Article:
You ask for the most economical option...and then you use the least economical make, bought through the least economical means.

    It's like saying "beer is overpriced" and using stadium prices to demonstrate your point.

    Getting cheap, reliable wheels is all about "expoliting inefficiencies in the marketplace." to do this...

    1. FORGET ASIAN MAKES. These makes sell at a huge premium due to perceived difference in quality. This public perception has a decade-plus historical lag: domestics and Japaneese imports are presently near-parity, yet prices reflect quality differentials that are decades old. This is a marketplace inefficiency...go exploit it!

    2. DON'T PICK POPULAR MODELS. For the same reason as 1.

    3. DON'T BUY FROM DEALERS. Dealers get their choice of used cars, and shunt off the less-desireable ones to auction, etc. The public knows this, the dealer "knows that they know"...and exploits this factor mercilessly! Used dealers are a bit dicey for a novice...I suggest cutting out the middleman entirely and buying FSBO from an aquaintance...or failing that, C-list.

    4. There are age/mileage limits (I used to know them), beyond which financing is much harder to come by. If financing isn't an issue, buy just on the other side of the dividing line.

    I was once in a predicament in which I had $1,000 to get wheels to get out of Tampa, or abandon my personal belongings. I had about given up when I spied a 12 y.o. Olds Cutlass Ciera. No rust, under 100k mi, inop AC, and still on a used car lot that closed the week prior.

    I damn near swooned; I knew I'd get that Olds for salvage price.
  • Used cars are priced at exactly what the market will bear.
    IMHO new cars are overpriced. But I believe that the cost is driven by the manufacturers being very highly regulated. How much depends on what study you read. I would not at all be surprised if the truth was around 1/3 of the total cost of the average car. Recognize that much of the regulatory cost doesn't leave the manufacturing facilities IN the cars, but must still be absorbed by their cost. I do NOT believe that the manufacturers are making unrealistic profits.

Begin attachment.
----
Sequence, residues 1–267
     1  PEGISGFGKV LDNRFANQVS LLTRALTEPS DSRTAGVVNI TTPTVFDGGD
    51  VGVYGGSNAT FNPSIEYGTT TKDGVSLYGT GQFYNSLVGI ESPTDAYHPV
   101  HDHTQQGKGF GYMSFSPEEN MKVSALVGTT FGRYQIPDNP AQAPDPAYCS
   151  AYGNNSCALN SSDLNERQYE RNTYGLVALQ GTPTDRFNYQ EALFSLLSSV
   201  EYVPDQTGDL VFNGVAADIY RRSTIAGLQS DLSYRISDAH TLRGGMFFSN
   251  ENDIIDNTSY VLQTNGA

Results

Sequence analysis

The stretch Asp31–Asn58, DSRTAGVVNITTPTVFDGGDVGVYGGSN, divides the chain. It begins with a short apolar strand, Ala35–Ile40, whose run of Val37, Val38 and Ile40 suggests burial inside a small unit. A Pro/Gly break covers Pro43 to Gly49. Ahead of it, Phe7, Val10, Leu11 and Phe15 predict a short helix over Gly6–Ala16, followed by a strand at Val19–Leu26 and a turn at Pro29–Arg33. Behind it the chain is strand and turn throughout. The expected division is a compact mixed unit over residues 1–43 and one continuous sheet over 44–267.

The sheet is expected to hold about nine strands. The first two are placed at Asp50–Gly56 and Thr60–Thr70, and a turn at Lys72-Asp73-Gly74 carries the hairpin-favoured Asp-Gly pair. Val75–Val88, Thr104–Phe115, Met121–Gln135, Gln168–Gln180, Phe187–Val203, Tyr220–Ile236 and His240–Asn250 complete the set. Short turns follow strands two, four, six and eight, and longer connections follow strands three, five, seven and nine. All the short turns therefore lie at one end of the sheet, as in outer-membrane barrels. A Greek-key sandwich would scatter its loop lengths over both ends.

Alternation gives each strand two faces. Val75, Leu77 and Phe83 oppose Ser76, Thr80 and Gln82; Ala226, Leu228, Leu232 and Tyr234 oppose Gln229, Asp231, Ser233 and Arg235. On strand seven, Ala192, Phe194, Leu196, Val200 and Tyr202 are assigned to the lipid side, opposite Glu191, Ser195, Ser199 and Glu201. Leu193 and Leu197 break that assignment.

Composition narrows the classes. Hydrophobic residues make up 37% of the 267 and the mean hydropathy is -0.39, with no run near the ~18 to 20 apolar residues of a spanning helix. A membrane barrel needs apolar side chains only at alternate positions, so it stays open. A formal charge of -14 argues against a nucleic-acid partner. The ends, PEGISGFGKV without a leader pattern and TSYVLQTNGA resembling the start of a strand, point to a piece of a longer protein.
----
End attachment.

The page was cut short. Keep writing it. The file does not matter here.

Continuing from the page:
• edited December 2013
    The 2014 Corolla is a new design, likely to have some bugs in the first few model years, plus it is bigger, harder to park, has options some people don't want to have to pay for, and folks who buy used cars may be going after the current-design Corollas (2013 or older) while the getting is good, driving up the price. That might be one explanation.

    Another might be that the ads you see in the newspaper quoting $15K for a new Corolla, well, believe it or not, it is possible it isn't actually possible to purchase one at that price. When you go, they'll say they only had one, and it is already sold. But they have another super-duper one with blue-tooth and a rear window defroster which is only $21,000.

    Take a look at the Kelly Blue book used for used car values, it is usually fairly accurate. I think you can get this info on-line gratis these days.

    One more idea, you might have better luck looking for a 3 or 4 year Corolla with 60,000 miles on it.
  • Unfortunately, Corollas (and Civics) have grown into family cars. Their places in the market have been filled by the Yaris and the Fit.

    I had a new '76 Corolla, and later a new '82 Civic 4-dr. They were both great cars, and in both cases I traded them only because my needs changed. I wish I still had the '76 Corolla. I loved that car.